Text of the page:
Camino de Santiago Windows and Doors To Open and Unlock

Bicycling in Skagway, Alaska, an historical boomtown born out of the Klondike Gold Rush of 1898, is the town that started my tradition of taking pictures of windows and doors in 2002. As I zigzagged through the streets with not much intention or planning, I began to notice the older historical homes, becoming aware of porches, stone fireplaces, and other objects. As I took more pictures, the windows and doors came into focus.

Skagway Windows and Doors To Open and Unlock

A five-month solo backpacking trip in Europe brought me to 18 countries, my absolute favorite being Italy. Full of small hill towns, bright yellow sunflower fields, green vineyards, ancient history, fabulous food, gelato. Photos like this one with children’s bikes, made me feel like home. And I found that the windows and doors throughout Italy were as diverse and as flavorful as the gelato.

Italy Windows and Doors To Open and Unlock

Porvoo, Finland, one of the three Baltic Sea Countries that I have represented in the book, is one of the most photographed towns in Finland. It was the cobblestone side streets lined with an assortment of colored windows frames contrasting against the colored siding of the buildings that drew me to photograph here. I felt like I was walking through a rainbow of homes. This photo is the back cover of my book.

Porvoo Windows and Doors To Open and Unlock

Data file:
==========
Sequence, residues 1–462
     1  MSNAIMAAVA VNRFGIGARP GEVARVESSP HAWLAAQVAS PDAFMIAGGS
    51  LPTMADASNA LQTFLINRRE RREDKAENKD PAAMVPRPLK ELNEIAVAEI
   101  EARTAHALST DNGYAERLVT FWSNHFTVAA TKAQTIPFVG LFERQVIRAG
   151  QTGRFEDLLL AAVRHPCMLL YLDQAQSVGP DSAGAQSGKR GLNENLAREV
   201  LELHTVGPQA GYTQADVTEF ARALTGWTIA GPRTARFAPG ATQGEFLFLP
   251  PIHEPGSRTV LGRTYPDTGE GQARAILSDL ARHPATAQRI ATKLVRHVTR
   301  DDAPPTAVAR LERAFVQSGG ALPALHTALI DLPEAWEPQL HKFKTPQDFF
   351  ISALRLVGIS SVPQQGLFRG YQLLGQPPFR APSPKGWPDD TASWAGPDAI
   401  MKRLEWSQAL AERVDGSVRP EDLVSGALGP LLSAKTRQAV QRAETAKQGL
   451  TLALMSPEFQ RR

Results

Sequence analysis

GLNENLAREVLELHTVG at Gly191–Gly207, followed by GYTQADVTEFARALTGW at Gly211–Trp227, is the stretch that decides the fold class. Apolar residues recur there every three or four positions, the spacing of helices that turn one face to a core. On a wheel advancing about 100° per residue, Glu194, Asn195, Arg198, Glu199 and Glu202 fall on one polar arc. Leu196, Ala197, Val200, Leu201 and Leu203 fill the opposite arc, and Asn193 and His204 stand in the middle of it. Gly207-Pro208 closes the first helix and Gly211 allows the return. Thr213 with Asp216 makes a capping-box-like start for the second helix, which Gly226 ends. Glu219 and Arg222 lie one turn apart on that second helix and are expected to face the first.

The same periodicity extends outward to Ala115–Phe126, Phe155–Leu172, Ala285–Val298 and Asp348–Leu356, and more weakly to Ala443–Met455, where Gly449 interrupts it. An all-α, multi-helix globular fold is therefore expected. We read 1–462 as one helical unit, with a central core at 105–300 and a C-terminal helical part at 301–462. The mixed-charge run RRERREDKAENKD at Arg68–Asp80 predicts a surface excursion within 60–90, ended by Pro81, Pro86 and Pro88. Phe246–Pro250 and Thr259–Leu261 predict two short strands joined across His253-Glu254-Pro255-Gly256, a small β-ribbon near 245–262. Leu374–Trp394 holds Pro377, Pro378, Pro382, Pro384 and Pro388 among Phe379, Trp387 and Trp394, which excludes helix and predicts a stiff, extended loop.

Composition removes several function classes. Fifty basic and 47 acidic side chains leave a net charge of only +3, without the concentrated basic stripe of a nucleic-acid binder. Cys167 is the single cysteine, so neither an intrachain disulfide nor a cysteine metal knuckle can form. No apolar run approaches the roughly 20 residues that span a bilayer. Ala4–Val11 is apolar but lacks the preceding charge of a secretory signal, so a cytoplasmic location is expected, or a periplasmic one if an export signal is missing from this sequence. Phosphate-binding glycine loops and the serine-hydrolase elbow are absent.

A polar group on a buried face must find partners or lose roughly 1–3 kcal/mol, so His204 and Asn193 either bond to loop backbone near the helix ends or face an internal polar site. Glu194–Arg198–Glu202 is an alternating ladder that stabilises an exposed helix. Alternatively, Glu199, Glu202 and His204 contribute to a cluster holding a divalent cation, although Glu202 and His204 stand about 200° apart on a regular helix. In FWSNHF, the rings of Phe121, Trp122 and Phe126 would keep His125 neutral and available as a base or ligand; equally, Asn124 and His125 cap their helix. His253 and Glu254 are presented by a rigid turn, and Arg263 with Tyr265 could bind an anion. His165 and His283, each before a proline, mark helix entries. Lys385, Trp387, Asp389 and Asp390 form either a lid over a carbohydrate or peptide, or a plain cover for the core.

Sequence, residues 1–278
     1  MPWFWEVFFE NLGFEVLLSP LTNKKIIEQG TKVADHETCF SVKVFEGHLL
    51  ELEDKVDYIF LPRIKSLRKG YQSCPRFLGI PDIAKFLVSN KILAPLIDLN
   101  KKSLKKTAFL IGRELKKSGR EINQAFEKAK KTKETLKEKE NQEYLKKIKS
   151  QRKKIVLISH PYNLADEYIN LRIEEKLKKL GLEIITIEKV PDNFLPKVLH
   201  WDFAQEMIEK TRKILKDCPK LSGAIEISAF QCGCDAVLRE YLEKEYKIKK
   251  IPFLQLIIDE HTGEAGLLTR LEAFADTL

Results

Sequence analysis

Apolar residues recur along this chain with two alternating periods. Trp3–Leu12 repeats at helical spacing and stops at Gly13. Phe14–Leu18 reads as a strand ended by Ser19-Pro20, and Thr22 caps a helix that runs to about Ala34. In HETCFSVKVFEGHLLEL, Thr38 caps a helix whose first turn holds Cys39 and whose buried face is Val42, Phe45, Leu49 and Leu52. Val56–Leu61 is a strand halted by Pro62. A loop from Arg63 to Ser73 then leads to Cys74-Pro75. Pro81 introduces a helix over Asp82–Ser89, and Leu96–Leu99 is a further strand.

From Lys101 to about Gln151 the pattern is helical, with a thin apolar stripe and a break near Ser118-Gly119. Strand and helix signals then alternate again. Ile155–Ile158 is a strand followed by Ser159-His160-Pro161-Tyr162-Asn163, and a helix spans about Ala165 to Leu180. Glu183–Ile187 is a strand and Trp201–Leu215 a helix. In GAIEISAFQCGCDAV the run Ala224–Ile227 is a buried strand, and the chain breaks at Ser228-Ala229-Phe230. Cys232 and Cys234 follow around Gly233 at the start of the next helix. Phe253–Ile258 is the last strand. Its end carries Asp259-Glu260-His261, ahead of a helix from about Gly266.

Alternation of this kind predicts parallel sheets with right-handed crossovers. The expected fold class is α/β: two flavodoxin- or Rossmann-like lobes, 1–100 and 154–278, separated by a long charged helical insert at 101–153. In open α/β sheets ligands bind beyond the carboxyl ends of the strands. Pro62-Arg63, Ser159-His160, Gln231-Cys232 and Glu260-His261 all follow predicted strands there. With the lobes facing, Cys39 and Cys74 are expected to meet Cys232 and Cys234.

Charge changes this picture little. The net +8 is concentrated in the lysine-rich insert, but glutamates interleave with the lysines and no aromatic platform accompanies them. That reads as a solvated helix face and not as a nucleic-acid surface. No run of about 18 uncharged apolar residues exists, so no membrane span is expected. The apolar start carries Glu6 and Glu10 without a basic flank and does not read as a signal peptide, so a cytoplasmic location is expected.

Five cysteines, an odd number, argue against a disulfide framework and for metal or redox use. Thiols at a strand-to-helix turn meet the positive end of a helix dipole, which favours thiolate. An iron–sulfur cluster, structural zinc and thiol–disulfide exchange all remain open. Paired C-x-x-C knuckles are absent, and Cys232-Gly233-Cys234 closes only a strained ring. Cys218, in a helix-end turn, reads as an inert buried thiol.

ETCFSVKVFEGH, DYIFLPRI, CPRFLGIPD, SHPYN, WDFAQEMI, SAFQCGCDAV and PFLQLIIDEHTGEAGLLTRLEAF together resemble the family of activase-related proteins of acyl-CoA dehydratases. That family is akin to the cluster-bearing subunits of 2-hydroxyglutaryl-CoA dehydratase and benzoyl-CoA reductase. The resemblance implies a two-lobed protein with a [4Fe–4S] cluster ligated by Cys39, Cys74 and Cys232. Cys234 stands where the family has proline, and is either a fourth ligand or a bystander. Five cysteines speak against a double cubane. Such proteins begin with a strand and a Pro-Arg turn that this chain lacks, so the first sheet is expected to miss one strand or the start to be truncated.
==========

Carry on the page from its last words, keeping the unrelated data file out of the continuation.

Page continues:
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Filled with just one picture shy of 250, and one page shy of 100, To Open and Unlock is a book that you won’t be able to look at just once. With so many pictures, you will need more than one sitting to absorb them all. It is a book that will sit on your coffee table (and your family’s coffee table, and your friend’s coffee table, and your family’s friend’s coffee table) for years to come. Each time you browse through it, you will see a picture that you have never noticed before. Or you may see some new detail in a picture that you have seen before, but didn’t notice its subtleties.

Not only are there all these photographs in my book, I explain what attracts me to taking pictures of windows and doors. In addition, I introduce each chapter with reflections of my travels, including short stories containing experiences, impressions, and information of the countries. I’ve also included great quotes about windows and doors, both poignant and funny, from some famous people, throughout the book.

The book is available for you to order on Amazon, with preview on Blurb. You may also order books for your family, your friends, your family’s friends, even your friends’ family. You may also search for the book under my name, Debby Jagerman, or under the title, To Open and Unlock. One may even search using the words “Windows and Doors.” You may also share this blog.